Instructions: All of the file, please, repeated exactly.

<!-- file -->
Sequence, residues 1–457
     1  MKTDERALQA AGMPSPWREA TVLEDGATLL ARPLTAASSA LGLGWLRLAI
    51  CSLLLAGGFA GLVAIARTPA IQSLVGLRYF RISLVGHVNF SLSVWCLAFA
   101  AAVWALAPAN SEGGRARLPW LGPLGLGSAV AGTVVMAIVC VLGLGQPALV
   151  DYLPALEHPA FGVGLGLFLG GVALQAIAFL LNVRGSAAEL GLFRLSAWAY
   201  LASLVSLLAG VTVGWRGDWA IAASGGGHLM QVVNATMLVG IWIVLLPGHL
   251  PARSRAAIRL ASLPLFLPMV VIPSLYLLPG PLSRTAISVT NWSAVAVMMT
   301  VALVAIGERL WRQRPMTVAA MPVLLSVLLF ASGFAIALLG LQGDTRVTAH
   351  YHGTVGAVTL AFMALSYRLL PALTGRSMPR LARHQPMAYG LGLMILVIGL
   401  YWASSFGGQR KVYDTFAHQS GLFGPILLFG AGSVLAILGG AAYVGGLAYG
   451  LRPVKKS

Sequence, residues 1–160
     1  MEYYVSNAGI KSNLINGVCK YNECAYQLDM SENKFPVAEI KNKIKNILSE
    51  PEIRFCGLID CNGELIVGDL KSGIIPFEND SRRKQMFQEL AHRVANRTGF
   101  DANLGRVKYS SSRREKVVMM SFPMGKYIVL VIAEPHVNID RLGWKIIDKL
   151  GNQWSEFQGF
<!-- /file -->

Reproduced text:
Sequence, residues 1–457
     1  MKTDERALQA AGMPSPWREA TVLEDGATLL ARPLTAASSA LGLGWLRLAI
    51  CSLLLAGGFA GLVAIARTPA IQSLVGLRYF RISLVGHVNF SLSVWCLAFA
   101  AAVWALAPAN SEGGRARLPW LGPLGLGSAV AGTVVMAIVC VLGLGQPALV
   151  DYLPALEHPA FGVGLGLFLG GVALQAIAFL LNVRGSAAEL GLFRLSAWAY
   201  LASLVSLLAG VTVGWRGDWA IAASGGGHLM QVVNATMLVG IWIVLLPGHL
   251  PARSRAAIRL ASLPLFLPMV VIPSLYLLPG PLSRTAISVT NWSAVAVMMT
   301  VALVAIGERL WRQRPMTVAA MPVLLSVLLF ASGFAIALLG LQGDTRVTAH
   351  YHGTVGAVTL AFMALSYRLL PALTGRSMPR LARHQPMAYG LGLMILVIGL
   401  YWASSFGGQR KVYDTFAHQS GLFGPILLFG AGSVLAILGG AAYVGGLAYG
   451  LRPVKKS

Sequence, residues 1–160
     1  MEYYVSNAGI KSNLINGVCK YNECAYQLDM SENKFPVAEI KNKIKNILSE
    51  PEIRFCGLID CNGELIVGDL KSGIIPFEND SRRKQMFQEL AHRVANRTGF
   101  DANLGRVKYS SSRREKVVMM SFPMGKYIVL VIAEPHVNID RLGWKIIDKL
   151  GNQWSEFQGF